[ RadSafe ] o.4 Sv extra radiation over 10 years may protect from much teratogenesis

John Jacobus crispy_bird at yahoo.com
Tue Jul 1 21:36:20 CDT 2008

Dr. Long,
Teratogenesis has nothing to do with genetic diseases.  As a physician, I would think you knew what it meant.  
But I have always been fasicinate with your lack of knowledge.  


-- John
John Jacobus, MS
Certified Health Physicist
e-mail: crispy_bird at yahoo.com

--- On Sat, 5/31/08, howard.long at comcast.net <howard.long at comcast.net> wrote:

From: howard.long at comcast.net <howard.long at comcast.net>
Subject: [ RadSafe ] o.4 Sv extra radiation over 10 years may protect from much teratogenesis
To: Rainer.Facius at dlr.de, garyi at trinityphysics.com, radsafe at radlab.nl
Date: Saturday, May 31, 2008, 12:08 PM

Evidence of protection from teratogenesis by many times usual background
should be added to Ranier's excellent but brief discussion of 
teratogenesis (genetic disease).

 "- congenital heart malformations -1.5 cases per 1,000 - under 19. "
[10,000 persons 9-20 years in Taiwan apts averaged 0.4Sv from Co60 in
construction steel]
"-official statistics and hospital experience, the prevalance rate of
congenital malformation is
23 cases per 1,000 children. [in other local population]
- it appears that significant beneficial health effects may be associated with
this chronic radiation exposure." 
Is Chronic Radiation An Effective Prophylaxis Against Cancer? Chen WL,Luan YC
et al
J Am Physicians and Surgeons 9:1 Spring 2004 and www.aapsonline.org 

Howard Long

-------------- Original message -------------- 
From: <Rainer.Facius at dlr.de> 

> Gary and all, 
> to add some more relevant facts – relevant also with respect to
> protection – to this somewhat confusing – or in part obfuscated –
> Environmental toxins affect either cells of the soma or of the germ-line 
> yielding somatic or genetic sequelae. Soma and germ-line constitute an 
> exhaustive and mutually exclusive partition of the cells of higher
> Somatic effects affect the exposed individual. Genetic effects are
imprinted to 
> the genome (possibly including the epi-genom) of germ-line cells and
> become transmitted to the F1. Non-lethal, genetic effects accumulate in an

> exposed population leading to the – so far - about 3000 known hereditary

> diseases in humans. 
> Effects to the progeny of exposures between conception and birth can be
> and genetic again. Genetic effects in utero again become manifest not
until the 
> next, the F2, generation. 
> Somatic effects to progeny of exposures in utero result in untoward
> such as stillbirth, premature birth, or teratogenesis (malformations) such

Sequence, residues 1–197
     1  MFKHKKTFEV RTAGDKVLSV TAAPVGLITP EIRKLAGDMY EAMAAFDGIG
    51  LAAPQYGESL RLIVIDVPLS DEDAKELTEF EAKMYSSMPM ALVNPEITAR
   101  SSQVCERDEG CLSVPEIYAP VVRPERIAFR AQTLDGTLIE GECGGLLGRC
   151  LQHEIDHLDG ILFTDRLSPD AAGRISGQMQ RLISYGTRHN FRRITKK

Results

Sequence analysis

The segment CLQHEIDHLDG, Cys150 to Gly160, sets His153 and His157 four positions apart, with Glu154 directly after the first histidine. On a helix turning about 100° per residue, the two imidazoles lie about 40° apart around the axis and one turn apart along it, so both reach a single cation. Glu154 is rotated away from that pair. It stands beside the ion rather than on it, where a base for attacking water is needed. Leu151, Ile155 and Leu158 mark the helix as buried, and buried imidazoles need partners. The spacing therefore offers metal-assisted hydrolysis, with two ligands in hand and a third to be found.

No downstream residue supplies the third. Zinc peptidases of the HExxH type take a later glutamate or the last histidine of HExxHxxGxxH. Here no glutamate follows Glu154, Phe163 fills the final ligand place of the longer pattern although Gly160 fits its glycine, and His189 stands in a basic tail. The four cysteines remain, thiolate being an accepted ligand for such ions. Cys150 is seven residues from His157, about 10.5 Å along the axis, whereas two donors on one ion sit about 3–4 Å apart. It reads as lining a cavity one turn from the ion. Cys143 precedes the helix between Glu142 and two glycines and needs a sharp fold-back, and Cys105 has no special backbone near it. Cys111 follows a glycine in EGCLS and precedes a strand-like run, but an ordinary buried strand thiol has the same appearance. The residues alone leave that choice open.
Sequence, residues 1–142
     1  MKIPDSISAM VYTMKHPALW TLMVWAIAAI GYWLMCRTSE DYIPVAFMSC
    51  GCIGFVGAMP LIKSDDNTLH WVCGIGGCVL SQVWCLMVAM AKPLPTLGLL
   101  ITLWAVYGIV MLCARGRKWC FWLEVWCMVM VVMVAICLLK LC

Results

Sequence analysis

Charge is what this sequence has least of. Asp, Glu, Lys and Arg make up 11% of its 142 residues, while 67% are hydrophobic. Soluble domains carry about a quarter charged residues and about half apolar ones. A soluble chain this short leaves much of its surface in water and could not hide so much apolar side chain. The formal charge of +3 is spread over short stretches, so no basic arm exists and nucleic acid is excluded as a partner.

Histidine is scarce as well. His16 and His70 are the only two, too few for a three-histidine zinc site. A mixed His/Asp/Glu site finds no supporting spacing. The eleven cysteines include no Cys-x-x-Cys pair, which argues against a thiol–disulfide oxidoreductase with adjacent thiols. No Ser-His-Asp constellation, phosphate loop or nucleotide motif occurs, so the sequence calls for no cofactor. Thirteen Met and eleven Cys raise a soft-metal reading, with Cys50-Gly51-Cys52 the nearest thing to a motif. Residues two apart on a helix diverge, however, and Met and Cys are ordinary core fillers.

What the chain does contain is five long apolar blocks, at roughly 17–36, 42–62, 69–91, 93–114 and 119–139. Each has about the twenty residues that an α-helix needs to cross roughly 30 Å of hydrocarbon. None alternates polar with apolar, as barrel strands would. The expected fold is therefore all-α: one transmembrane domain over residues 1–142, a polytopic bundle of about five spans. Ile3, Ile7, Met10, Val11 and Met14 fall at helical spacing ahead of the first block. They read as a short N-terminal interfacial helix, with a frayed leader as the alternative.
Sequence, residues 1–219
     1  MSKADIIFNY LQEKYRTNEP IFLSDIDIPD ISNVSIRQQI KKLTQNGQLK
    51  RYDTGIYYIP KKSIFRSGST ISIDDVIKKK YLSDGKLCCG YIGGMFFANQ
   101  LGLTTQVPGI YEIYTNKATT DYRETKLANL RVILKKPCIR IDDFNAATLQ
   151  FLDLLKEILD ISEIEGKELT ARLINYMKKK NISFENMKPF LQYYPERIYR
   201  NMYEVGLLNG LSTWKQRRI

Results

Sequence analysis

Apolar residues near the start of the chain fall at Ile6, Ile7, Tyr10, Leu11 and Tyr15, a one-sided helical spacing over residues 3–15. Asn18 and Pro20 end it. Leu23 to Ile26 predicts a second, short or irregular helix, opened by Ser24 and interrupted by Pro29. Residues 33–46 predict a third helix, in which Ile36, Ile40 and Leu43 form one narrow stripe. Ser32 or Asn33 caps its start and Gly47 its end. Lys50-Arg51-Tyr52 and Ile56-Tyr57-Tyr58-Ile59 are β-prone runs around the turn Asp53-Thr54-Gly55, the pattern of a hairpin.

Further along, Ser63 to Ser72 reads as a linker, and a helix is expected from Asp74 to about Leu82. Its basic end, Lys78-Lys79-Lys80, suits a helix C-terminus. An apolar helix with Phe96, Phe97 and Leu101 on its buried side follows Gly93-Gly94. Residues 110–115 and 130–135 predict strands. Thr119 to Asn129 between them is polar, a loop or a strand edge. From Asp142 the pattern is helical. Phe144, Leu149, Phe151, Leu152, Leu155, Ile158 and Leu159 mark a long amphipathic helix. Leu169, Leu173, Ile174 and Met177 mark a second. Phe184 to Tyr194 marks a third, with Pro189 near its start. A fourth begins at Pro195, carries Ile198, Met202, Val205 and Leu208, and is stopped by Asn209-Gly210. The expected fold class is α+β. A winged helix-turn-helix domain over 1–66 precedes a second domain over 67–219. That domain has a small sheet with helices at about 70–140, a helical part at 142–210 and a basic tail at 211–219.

> spina bifida or microencephaly. Teratogenesis, i.e., “ the disturbed
> processes involved in the production of a malformed neonate” results
> irregular timing or incomplete sequences of organogenesis due to stimuli
> the environment – which includes the maternal organism. 
> Addressing the business of radsafe by turning to ionizing radiation as an 
> environmental toxin, the findings from the most important exposure of
> populations, i.e., the survivors of the atomic bombings demonstrate that
this so 
> far most severe exposure did not yield any measurable genetic effect in
the F1 
> generation. Concerning teratogenesis, fetuses exposed in a period between
8 to 
> about 15 weeks after gestation showed few incidences of microencephaly as
> only teratogenic sequela from the atomic bombing. Importantly, the
> dose effect relation – crudely as it could be determined – displayed
> hallmark of deterministic radiation effects, i.e., a more or less marked
> threshold below which no effects will ensue. Given this empirical data
base, the 
> claim that radiation from depleted uranium can engender genetic or
> health effects at the exposures in question must be relegated to the realm
> science fiction. 
> Regards, Rainer 
> Off topic: From the perspective of the conceptus/fetus the statistically
> environmental risk of irregular organogenesis and an untoward outcome of a

> pregnancy nowadays stems from the mental constitution of the maternal
organism – 
> in particular if the fetus carries two X chromosomes. 
> ----Original Message----- 
> From: radsafe-bounces at radlab.nl on behalf of garyi at trinityphysics.com 
> Sent: Fri 30.05.2008 19:22 
> To: radsafelist 
> Subject: Re: [ RadSafe ] teratogenesis can be pre-utero 
> Statements like this show that James is not competent to debate this
> When you get 
> caught with your pants down like this, especially when it is pointed out
> as Rainer has 
> done, the correct response is to admit the blunder. Instead, James
> his name is 
> right now) pretends to be absolutely correct. 
> -Gary Isenhower 
> On 30 May 2008 at 6:34, James Salsman wrote: 
> > Dear Dr. Facius, 
> > 
> > Thank you for your message: 
> > 
> > >... teratogenesis by definition refers to effects 
> > > engendered IN UTERO.... 
> > 
> > On the contrary, any damage to spermatogonium, oogonium, oocyte, 
> > ootid, or ovum chromosomes prior to folliculogenesis may also result 
> > in congenital malformations. 
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